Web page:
AQABA, JORDAN, AUG. 15 -- "Would you come to sun yourself in front of the USS Eisenhower?" The question, by a hotel receptionist here, exemplified the worries of this sprawling port and resort city over the threat of a sea blockade if Jordan refuses to comply with the United Nations embargo against Iraq.

Business is slowing and ships have started to cancel arrangements with local shipping firms. Officials at the Aqaba port authority say they are worried about becoming a harbor under siege.

Aqaba, Jordan's only outlet to the sea, is about 200 miles south of the capital, Amman, and only a few hundred yards from the Israeli port of Eilat. It long has been an important transit point for goods moving to and from Iraq. The Red Sea port has suddenly become the focus of international concern as the last loophole in an effective embargo against Iraq.

"I am worried. Of course I am worried. I don't know what will happen," said Awad Tell, the director general of the Aqaba port authority. With the USS Eisenhower, an aircraft carrier, just over the horizon, Aqaba residents are concerned at President Bush's warning that the port would not be exempt from the blockade if traffic to Baghdad continued.

Trucks laden with plywood, construction materials, red and white Toyota cars and wheat still can be seen rumbling toward the Iraqi border along the desert highway that stretches from here to there. In this town of 50,000 where Italian tourists were basking on the beach, one local official found the threat hard to believe. "We are not at war. This is Jordan, not Iraq," he said.

Yet the prospect of losing shipping business, which peaked at the height of the Iran-Iraq war in 1987, frightens Aqaba residents. Nayef Abou Mahfouz, a rug merchant in the local bazaar protested: "We respect the American people. Why hurt Jordan? It is food we bring in. It is for food not war, why not let us live?"

Tell, the port official, said there were 12 ships docked at Aqaba, unloading food, wood and newsprint meant for both Iraq and Jordan. Bassam E. Kakish, chairman of the Aqaba region authority, insisted that the town's role was mainly to provide services to ships coming in.

The last ship docked in Aqaba on Monday, port officials said.

"Why receive a threat from our neighbor {Israel} when it is not involved in the {Persian} gulf? Why Jordan? We are not threatening peace in the world," Kakish said.

Journalists were not allowed to tour the port itself, which provides employment for 5,000 dockworkers and 8,000 truck drivers.

Kakish said the U.N.-mandated sanctions need better definition. "Are they a blockade or a military action? Do they include food or general cargo?" he said. When told that Bush's aim was to block all goods from entering Iraq, he responded: "Bush is not the U.N."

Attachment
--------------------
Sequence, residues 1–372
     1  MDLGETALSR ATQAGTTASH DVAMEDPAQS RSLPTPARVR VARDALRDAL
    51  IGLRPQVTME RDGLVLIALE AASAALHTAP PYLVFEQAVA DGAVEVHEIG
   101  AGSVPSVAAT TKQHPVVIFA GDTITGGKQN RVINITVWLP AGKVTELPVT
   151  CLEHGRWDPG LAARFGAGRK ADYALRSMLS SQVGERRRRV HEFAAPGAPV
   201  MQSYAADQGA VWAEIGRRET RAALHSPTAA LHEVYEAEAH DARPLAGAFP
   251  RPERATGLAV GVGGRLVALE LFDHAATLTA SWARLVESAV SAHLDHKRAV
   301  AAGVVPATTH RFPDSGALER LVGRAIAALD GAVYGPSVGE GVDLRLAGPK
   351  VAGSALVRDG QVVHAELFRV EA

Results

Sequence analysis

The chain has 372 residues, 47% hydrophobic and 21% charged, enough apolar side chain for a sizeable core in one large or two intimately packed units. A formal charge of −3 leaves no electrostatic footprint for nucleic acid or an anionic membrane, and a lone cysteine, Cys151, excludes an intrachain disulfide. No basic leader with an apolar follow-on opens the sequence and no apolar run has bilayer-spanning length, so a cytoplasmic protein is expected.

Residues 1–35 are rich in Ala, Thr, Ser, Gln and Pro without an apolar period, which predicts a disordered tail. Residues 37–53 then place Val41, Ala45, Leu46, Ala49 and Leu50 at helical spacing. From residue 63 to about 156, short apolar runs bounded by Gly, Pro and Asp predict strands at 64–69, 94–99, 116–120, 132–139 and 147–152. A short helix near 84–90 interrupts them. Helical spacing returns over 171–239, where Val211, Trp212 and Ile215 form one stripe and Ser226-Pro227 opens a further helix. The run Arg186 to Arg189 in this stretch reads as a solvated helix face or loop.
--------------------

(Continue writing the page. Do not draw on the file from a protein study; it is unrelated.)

Issam Qaawar, a partner in the largest shipping company in Aqaba, said three ships were idle in the port because their captains had been given orders not to remove their cargo in compliance with the boycott. Qaawar and Tell, the port official, said they had not yet received formal instructions to stop unloading, but said they would go along with any new regulations.

When asked to explain why goods were still leaving Aqaba, Qaawar said the cargo was "discharged long before the sanctions and paid for by the Iraqis in the past few months." One example he gave was the Greek freighter Oinoussian which unloaded 56,000 tons of corn on Tuesday. Qaawar complained that two ships were at the Suez Canal awaiting instructions, while another was at Port Said, at the canal's northern terminus. One vessel was laden with sugar and the other with rice. "Only four ships had the decency to notify us they were not coming. Many did not," Qaawar said.

During the Iran-Iraq war, Iraq exported a trickle of oil through Aqaba, via a low-capacity pipeline into Jordan. Tanker trucks carried oil from the pipeline terminal to Aqaba and loaded it onto ships. Shipping agents in Aqaba noted that Iraq has not tried to use that route since the end of the war two years ago, when a larger pipeline, recently shut, began carrying Iraqi oil across Turkey to the Mediterranean.

Qaawar said Jordan will have to rely heavily on other Arab countries if it stops receiving Iraqi crude oil.

Jordan not only risks losing revenues in transit and custom tariffs from traffic coming from Iraq if the Aqaba port is closed, but also the ability to export its own fertilizer, potash and cement.

Despite tensions in the gulf and the fears here of a blockade, no military fortifications are visible on the border here with Israel. However, convoys of military trucks and jeeps mounted with machine guns -- an unfamiliar sight -- were seen on Aqaba's highway.